An amend­ment to Ar­ti­cle 1(2) in 1976 down­graded Sabah and Sarawak to the 12th and 13th states of Malaysia, re­sepc­tively.

“The ques­tion we need to ask is, even if we amend Ar­ti­cle 1(2) and re­store it to what it was orig­i­nally stated that the Fed­er­a­tion com­prises Malaya and the Bor­neo states, would that help us in any way to im­prove the cur­rent po­si­tion of Sabah and Sarawak within the Fed­er­a­tion of Malaysia?.

“In other words, are we go­ing to be equal part­ners or hav­ing equal sta­tus?” he ques­tioned.

Fong also said while many want Sarawak to re­claim rights un­der MA63, Sarawak would still be lag­ging be­hind even if these rights were re­claimed, as MA63 has no con­sti­tu­tional back­ing.

Ac­cord­ing to him again, the words ‘equal sta­tus’ and ‘equal part­ner­ship’ were not in MA63, but the then-deputy prime min­is­ter of Malaya Tun Ab­dul Razak Hus­sein had said in 1962 to bring the other ter­ri­to­ries to form Malaysia as ‘equal part­ners’.

On a re­lated mat­ter, he said all Sarawakians must sup­port the Sarawak gov­ern­ment’s move to im­pose a five-per cent sales tax on petroleum prod­ucts start­ing next year, as a new source of rev­enue to sup­port the devel­op­ment agenda.

He said the fed­eral gov­ern­ment had not re­viewed the amount of fi­nan­cial grants to Sarawak since 1969.

Fong pointed out that re­views should have been car­ried out ev­ery five years since the for­ma­tion of Malaysia, with the short­fall in funds to­day said to be RM6.6 bil­lion.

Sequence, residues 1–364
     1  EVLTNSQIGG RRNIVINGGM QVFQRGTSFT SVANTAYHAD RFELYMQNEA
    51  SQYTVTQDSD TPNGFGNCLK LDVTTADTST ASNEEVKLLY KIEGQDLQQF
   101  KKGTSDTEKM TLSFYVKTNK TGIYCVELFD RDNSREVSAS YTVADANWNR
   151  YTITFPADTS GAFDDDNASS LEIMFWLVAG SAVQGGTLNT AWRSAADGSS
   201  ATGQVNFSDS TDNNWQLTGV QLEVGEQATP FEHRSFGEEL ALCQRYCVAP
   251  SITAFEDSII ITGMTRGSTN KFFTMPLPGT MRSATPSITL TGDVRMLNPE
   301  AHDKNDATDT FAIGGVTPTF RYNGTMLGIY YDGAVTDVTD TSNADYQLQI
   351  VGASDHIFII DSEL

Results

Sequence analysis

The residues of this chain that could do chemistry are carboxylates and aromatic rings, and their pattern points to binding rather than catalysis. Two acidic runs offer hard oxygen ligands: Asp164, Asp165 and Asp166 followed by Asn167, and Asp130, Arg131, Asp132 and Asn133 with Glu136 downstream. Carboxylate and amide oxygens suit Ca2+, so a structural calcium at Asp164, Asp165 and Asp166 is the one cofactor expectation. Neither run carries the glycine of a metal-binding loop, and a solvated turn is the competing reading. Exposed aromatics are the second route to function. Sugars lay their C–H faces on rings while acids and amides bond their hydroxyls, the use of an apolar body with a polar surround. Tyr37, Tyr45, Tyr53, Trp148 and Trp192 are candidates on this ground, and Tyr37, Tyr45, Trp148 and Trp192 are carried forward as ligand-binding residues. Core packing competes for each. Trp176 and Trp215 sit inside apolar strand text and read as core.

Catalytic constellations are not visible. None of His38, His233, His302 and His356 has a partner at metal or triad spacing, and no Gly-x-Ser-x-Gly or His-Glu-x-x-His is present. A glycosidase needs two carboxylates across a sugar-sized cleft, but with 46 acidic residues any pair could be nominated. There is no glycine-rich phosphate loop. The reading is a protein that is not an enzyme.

He also said the fed­eral gov­ern­ment had per­formed be­low par and let Sarawak down in terms of ed­u­ca­tion and health in­fra­struc­ture.

He pointed out that Sarawak not only has 1,020 di­lap­i­dated schools, but also 428 schools with no treated wa­ter sup­ply, and 651 schools with very low en­rol­ment of 150 stu­dents or less, in­clud­ing 190 schools with 50 or less stu­dents.

As for health, he said the fact can­not be de­nied that there are over­crowded pub­lic hos­pi­tals while many ru­ral clin­ics have no treated wa­ter sup­ply – some can­not be reached by tar-sealed roads.

The doc­tor-to-pop­u­la­tion ra­tio in Sarawak is 1 to 1,708, which could be low­ered if the long-de­layed hos­pi­tal projects in Lawas, Sri Aman, and Pe­tra Jaya are com­pleted, he said.

“Are we go­ing to con­tinue to al­low them to fail us on such im­por­tant sub­ject mat­ters such as ed­u­ca­tion, which re­ally needs to be given the fullest at­ten­tion by the fed­eral gov­ern­ment, if we’re to de­velop hu­man re­sources ca­pa­ble of pro­pel­ling our devel­op­ment agenda?

“As for health, it is im­por­tant in en­hanc­ing so­cio-eco­nomic devel­op­ment and en­sur­ing that the wel­fare of the peo­ple is well taken care of,” he said.

Fong also pointed out that English was once the medium of in­struc­tion in schools, un­til it was dis­con­tin­ued in 1974.

Pri­mary ed­u­ca­tion was also once un­der Sarawak, with many schools man­aged by lo­cal coun­cils, be­fore it was handed over to the fed­eral gov­ern­ment, he added.

There are all these pro­vi­sions that are in place. We have to do bet­ter. We are in a sit­u­a­tion where we are not well served by the fed­eral gov­ern­ment. We are in the po­si­tion to de­mand for greater au­ton­omy. We must have greater au­ton­omy in order to look af­ter our­selves. — Dato Sri JC Fong, Sarawak le­gal coun­sel

(From right) Fong, fo­rum speaker Datuk David Teng, and SPA chair­man Datuk John Lau pose with a book on the Fed­eral Con­sti­tu­tion. — Pho­tos by Chi­mon Upon